The List: Best songs about the burbs
This week's issue offers a tour guide to five of the city's vibrant burbs. With that in mind, we assembled a suburb-oriented mixtape for your outer-ring explorations.
Like fertilizing the lawn or toilet-papering a neighbor's tree, there's perhaps no more suburban experience than wandering the fluorescent-lit aisles of a grocery store.
Really, the Canadian rockers' entire Grammy-winning album (also titledThe Suburbs) could qualify, but we'll run with the jaunty, piano-driven title cut, which envisions the fall of '70s-built subdivisons.
"I grew up in the suburbs, right by the neon highways / I grew up sad and lonely," Richman sang back when he was just a teen - a fact that makes his words resonate even more.
In Sting's version of a "suburban family morning," he has to "shout above the din of our Rice Krispies," which is one of the more dramatic lines about breakfast cereal in rock music.
The Brit-pop crew has always been fascinated with present-day suburban England (see:Modern Life Is Rubbish), but it peaked with this irony-heavy sing-speak number about the disconnect that can emerge in one's attempt to construct the perfectly manicured life.
What would suburbia be without sprawl? "Come on down to the store / You can buy some more and more and more and more," Kim Gordon sings, sounding not unlike a Kmart ad.
Quite possibly the quintessential song about the suburbs, Folds owns up to his privilege in satirical lines like, "Y'all don't know what it's like / Being male, middle class and white."
The oddest track from the underappreciatedWe Love Life finds Pulp singer Jarvis Cocker delivering a long, spoken-word piece that follows a water channel through choked city sewers and out to the more open spaces "below other people's ordinary lives."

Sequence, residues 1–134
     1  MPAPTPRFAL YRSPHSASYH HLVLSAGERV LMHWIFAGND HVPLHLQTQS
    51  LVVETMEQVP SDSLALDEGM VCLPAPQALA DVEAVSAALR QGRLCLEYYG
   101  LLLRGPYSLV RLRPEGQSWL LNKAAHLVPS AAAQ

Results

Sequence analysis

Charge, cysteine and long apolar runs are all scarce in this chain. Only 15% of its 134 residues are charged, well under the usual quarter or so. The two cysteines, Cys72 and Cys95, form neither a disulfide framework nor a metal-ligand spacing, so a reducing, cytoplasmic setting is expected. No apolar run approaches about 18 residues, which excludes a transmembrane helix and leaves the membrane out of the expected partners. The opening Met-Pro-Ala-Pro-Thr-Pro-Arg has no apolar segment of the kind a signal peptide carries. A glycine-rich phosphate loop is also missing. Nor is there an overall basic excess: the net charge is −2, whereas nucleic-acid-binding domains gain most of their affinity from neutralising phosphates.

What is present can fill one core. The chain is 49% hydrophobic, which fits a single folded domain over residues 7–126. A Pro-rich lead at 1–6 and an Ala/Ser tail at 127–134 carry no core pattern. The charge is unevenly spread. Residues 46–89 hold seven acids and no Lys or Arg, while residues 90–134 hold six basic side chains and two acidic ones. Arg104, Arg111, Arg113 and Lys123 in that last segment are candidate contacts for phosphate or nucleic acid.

What could be more suburban than singing about Cuisinart, Tupperware parties, a weenie barbecue and wall-to-wall carpeting?
Best-known as producer for countless pop-rockers, Walker launched a solo career after the demise of Marvelous 3 and imparts some valuable advice about suburbia here: "Best not let it get the best of ya."
The Monkees' classic, as tidy and beautifully arranged as the "rows of houses that are all the same," is darker than it seems at first glance, eschewing creature-comfort goals (the sedan, the house with the white picket fence, etc.) in favor of escape.
"Carry me back to sweet Jersey, back where I long to be," Real Estate sang on its 2009 chillwave debut - possibly the first time that sentiment was ever uttered.
From the pop-punk trio's 2004 rock-opera comeback album,American Idiot, Billie Joe Armstrong sang about "a land of make believe that don't believe in me."
TheBlue Album standout paints a picture of the classic '90s suburban teenage introvert, complete with standardDungeons & Dragons references.
Years ago, Ghost Shirt attempted to release 52 singles in 52 weeks. This track, like so many of the songs, proved the band's throwaways were better than most bands' singles.
This bluesy, slow-burning number is perhaps the best advertisement ever penned about the benefits of fleeing city life.